Book Fests Encourage Storytelling

I am so grateful that people still read real books and participate in book festivals in their communities. I recently participated in my first book festivals as a new author– one in Mankato, MN, the other in St. Paul. MN. There is a vibrant and collegial writing community in this state and wonderful support of writers by the public.

At the Mankato sale, I was fortunate to share a table with author Rob Jung, and to be next to another seasoned writer, Eleanor Jane. Both were extremely generous in the sage advice they offered me as a new author. In between customer visits, I enjoyed learning about their experiences with writing and selling books.   

It was a real treat talking with the folks roaming the aisles looking for that special book they could read themselves or give to a loved one. I would often begin these interactions by asking the simple question, “Do you write letters?” Many answered by saying that they “used to,” but not anymore.” Some scoffed, insisting that “no one writes letters anymore.” A look of sadness would typically follow. When I assured them that that there are still many devoted letter writers out there, they seem surprised, almost relieved.

At this point, many would tell me their special letter stories, many reminiscent of those I heard when writing my book. There were some remarkable stories that touched my heart. Others that amazed me.  Why? Because letters represent everything that is interesting about being human–the good, the bad, the creative, the caring, the confounding, the challenging, and the fascinating.

Here are some of the interesting tales and comments I heard during the festivals. I give you only short quotes (paraphrased) to give you a sense of the breadth of stories I heard.  

“I had a box of old letters that I saved for decades, and I decided at one point to throw them out. I don’t know why I did that, and I am so sorry now.”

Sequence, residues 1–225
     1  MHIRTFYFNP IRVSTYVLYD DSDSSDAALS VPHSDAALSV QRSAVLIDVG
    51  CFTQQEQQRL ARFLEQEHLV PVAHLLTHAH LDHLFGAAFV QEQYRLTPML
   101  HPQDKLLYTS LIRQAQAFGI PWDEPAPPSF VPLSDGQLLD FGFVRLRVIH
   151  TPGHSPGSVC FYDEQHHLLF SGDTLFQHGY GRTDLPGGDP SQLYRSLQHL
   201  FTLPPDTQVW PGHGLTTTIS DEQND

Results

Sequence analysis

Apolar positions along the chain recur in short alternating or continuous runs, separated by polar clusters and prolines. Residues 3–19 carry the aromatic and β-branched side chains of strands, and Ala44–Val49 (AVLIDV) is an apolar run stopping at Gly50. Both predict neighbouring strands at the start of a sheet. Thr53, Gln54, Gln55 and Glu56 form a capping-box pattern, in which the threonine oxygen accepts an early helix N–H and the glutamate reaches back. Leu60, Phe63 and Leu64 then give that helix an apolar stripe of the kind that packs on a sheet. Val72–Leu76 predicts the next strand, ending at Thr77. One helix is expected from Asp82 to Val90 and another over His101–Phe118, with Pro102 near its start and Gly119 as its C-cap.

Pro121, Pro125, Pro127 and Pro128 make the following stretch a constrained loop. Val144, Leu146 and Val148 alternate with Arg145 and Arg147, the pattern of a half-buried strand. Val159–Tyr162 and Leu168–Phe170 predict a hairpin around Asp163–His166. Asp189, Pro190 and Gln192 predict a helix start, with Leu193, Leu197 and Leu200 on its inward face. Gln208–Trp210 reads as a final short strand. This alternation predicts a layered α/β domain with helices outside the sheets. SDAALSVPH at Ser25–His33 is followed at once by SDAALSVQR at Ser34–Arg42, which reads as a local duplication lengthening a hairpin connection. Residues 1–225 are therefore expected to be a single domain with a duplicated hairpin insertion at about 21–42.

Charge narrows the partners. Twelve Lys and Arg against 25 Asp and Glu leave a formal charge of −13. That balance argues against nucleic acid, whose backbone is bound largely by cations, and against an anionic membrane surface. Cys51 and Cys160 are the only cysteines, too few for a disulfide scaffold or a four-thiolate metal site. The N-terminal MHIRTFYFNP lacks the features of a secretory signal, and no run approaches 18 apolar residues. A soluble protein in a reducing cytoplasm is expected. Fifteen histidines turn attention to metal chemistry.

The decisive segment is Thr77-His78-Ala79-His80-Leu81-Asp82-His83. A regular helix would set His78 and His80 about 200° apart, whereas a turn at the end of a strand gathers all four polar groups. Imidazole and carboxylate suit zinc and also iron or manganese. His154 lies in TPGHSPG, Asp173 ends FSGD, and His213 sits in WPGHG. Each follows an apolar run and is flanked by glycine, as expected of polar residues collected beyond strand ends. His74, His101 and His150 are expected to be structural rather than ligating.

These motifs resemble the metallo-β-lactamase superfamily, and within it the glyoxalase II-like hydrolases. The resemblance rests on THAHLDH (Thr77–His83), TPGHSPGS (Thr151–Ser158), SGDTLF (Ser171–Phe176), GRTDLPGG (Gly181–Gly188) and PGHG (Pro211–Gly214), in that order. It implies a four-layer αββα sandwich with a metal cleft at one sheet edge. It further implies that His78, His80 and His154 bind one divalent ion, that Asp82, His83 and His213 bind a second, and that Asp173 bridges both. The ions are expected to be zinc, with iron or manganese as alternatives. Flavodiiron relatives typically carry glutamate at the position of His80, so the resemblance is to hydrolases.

“I have all my parents old love letters from World War II. They are fascinating and such treasures.”

“I have all my grandfathers’ letters from WWI.”

“I don’t write letters anymore because no one writes me back. Forget about letters, I would love it if people would at least send me a thank you note for all the gifts I have given them.”

“An old letter we found recently, totally by accident, provided the missing link in our family tree we had not been able to figure out before.”

“When I was a kid, I played in my grandparents’ attic. I found an old cubby hole in the wall filled with all of their love letters. I have them all now.”

“I write letters, but no one writes me back. Should I keep going? It is discouraging!”

“We recently found a letter never posted at my parents’ house when we were cleaning it out. It was 50 years old. We decided to try to send it to the person it was intended for. It ended up reconnecting those two people after five decades of no communication.”

“A Bachelor farmer uncle of mine held a torch for a young girl in his small town when he was very young. He did not have a romantic bone in his body and made a mess of courting her. His beloved ended up leaving town and moving to Wisconsin.

Not long ago, a teacher in Wisconsin was shopping at a garage sale where she found 70 years of my uncle’s love letters to the woman he had never forgotten.

The teacher bought them and was using them in a class of hers to show students how to write letters. Eventually, she decided to try to find a family member of the bachelor farmer so that she could return them to their rightful owners. She succeeded and now I have all of them back again.”

“I try to write 60 letters every quarter.”

I know that the more I do book festivals and other events, the number of stories told to me will only grow. There are endless possibilities because we are endlessly fascinating creatures. I look forward to hearing more of the wonderful, intimate stories people share with me. Most people seem to know why letters matter so much, with several coming to my table simply to congratulate and thank me for writing a book about handwritten letters.

The pleasure, I tell them, is all mine.